- The Washington Times - Tuesday, February 24, 2004

Microsoft Chairman Bill Gates yesterday outlined his company’s new efforts to battle the onslaught of unwanted e-mail, including an e-mail “Caller ID” system designed to weed out the most deceptive spam.

Mr. Gates said the integrity of e-mail is being threatened not only by the massive volume of spam, but the “spoofing” of domain names that allows spammers to send e-mail undetected. The Caller ID system would allow e-mail filters to distinguish between legitimate e-mail and messages sent from spammers.

The Redmond, Wash., software giant plans to begin a pilot program with its Hotmail users this summer.

“Having e-mail come in, and not really being able to identify where it comes from, this is a huge security hole,” Mr. Gates said during a keynote speech at an Internet security conference sponsored by RSA Security Inc. in San Francisco.

Microsoft also plans to work on a broader “Coordinated Spam Reduction Initiative” to advance policy and technology changes to fight spam. The company wants to help legitimate companies that use e-mail to more easily distinguish themselves from spammers.

Microsoft is working on several technological solutions to fight spam, including advanced filters and systems that make sending mass quantities of e-mail more difficult. It is also advancing a “micropayments” system that would make spammers pay for every message sent.

Microsoft said the Caller ID system will require e-mail senders to publish the Internet Protocal addresses of their mail servers in a “policy document” that can be read by most computer systems. The software examines the message to determine its origin.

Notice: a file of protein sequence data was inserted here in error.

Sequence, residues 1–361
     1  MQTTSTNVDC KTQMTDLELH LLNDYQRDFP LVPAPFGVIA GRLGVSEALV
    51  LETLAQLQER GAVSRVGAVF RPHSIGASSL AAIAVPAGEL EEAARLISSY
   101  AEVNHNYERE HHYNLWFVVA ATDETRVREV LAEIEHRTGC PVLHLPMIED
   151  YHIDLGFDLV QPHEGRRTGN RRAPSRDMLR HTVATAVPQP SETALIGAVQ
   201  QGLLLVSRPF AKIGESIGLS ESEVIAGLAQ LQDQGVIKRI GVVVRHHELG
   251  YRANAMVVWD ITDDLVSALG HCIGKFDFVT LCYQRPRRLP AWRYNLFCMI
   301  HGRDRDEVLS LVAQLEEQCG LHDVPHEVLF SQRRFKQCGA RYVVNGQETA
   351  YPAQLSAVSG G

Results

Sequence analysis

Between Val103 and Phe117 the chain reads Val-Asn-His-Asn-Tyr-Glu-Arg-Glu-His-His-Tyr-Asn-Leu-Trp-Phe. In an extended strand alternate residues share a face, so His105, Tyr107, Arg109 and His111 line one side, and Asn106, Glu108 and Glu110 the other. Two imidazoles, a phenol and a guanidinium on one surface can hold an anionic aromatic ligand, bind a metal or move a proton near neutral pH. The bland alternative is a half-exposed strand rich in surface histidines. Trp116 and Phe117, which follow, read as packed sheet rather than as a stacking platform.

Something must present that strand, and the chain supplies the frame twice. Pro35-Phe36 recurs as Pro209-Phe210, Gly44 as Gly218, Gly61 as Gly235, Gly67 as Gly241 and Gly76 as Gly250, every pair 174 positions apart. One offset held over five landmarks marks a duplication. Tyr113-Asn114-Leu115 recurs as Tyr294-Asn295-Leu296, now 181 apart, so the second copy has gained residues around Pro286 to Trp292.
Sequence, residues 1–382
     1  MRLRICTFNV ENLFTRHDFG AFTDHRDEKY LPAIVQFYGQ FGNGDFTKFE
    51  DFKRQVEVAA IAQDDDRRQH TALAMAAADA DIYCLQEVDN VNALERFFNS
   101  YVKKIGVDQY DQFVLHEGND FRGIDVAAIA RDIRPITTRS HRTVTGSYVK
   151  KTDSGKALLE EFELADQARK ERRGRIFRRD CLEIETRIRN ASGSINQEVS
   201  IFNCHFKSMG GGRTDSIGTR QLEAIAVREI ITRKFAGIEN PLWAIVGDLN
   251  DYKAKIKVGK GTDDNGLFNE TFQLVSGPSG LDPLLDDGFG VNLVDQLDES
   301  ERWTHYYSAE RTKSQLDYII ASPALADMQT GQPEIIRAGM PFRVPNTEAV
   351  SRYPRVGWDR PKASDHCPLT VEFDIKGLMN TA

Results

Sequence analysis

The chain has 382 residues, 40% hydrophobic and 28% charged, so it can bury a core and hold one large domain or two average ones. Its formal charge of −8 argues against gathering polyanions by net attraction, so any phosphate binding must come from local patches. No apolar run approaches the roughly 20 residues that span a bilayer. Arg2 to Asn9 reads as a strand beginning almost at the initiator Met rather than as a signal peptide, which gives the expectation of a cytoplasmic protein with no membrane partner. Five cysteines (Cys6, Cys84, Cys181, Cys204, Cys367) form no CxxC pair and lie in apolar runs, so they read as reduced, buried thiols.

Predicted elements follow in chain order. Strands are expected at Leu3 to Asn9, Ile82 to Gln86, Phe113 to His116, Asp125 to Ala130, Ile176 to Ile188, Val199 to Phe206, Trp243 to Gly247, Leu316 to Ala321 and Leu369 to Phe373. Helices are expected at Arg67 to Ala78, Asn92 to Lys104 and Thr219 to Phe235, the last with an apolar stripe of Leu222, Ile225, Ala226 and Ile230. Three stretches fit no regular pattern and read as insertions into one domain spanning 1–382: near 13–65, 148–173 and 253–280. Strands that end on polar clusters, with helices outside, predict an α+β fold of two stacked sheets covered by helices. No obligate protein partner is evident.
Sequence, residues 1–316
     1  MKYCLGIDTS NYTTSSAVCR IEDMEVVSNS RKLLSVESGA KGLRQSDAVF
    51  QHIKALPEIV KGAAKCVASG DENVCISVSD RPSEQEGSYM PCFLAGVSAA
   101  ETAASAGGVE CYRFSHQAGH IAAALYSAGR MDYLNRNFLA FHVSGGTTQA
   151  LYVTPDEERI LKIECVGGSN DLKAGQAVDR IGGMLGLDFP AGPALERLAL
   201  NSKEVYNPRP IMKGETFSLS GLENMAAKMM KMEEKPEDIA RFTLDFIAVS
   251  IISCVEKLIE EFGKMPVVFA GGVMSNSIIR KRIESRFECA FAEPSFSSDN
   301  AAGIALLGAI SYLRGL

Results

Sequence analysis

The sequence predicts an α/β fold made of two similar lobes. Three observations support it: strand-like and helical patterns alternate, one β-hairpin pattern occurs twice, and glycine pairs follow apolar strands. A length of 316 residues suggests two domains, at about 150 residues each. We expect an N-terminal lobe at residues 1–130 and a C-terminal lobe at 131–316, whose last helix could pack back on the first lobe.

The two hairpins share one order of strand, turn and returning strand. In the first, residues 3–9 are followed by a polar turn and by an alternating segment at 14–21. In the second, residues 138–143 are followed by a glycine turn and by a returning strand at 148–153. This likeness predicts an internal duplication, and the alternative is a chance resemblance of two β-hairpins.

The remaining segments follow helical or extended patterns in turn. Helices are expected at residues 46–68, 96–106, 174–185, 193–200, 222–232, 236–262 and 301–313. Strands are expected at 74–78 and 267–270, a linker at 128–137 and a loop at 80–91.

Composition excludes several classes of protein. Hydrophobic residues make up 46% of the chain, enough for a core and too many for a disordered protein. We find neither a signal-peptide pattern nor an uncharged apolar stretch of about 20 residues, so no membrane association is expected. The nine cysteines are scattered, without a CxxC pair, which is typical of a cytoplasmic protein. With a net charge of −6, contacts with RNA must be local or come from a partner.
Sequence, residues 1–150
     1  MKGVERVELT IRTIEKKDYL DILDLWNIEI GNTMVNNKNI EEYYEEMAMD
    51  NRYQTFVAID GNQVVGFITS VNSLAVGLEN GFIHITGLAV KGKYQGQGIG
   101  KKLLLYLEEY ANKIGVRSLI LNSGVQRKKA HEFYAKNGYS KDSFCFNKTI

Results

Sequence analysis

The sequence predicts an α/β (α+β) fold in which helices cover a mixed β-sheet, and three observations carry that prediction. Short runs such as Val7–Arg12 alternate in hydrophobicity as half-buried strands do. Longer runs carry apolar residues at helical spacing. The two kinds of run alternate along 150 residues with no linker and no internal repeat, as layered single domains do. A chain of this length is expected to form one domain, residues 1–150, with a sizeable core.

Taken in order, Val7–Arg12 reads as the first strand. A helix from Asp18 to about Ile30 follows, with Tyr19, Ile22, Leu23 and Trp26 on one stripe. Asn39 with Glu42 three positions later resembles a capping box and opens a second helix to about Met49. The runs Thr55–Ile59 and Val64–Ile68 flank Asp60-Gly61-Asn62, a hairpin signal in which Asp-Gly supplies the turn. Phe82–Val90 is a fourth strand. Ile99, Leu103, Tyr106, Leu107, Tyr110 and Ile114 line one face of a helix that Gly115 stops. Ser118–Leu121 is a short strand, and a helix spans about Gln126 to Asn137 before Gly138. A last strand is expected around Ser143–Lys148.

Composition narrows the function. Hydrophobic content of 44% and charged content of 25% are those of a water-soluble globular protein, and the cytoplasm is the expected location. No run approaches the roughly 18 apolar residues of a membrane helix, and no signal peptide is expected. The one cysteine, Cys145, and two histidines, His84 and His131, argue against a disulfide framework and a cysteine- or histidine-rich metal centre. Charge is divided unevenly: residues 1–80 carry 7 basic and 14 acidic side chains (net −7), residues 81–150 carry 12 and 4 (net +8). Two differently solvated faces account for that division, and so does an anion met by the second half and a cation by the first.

Spam, or unsolicited commercial e-mail, makes up more than half of all e-mail sent worldwide, costing businesses tens of billions of dollars in lost productivity and services, according to some estimates. Microsoft, which owns the MSN Internet and Hotmail e-mail services, has more than 145 million active e-mail subscribers.

Microsoft acknowledged that many spammers have already found ways to get around the Caller ID system. Some are using viruses and worms to sneak into computers and send waves of e-mail messages. And more honest spammers who don’t hide the origin of their messages would not be hindered.

Many spam foes have criticized Microsoft’s spam efforts, arguing that the software giant is using technologies already in development by other companies.

“In some respects, they have been a little behind the curve in dealing with this,” said Ray Everett-Church, legal counsel to the nonprofit Coalition Against Unsolicited Commercial E-mail, who did not attend the RSA conference.Microsoft is sort of just now getting around to this and just now beginning to entertain some of the proposals out there.”

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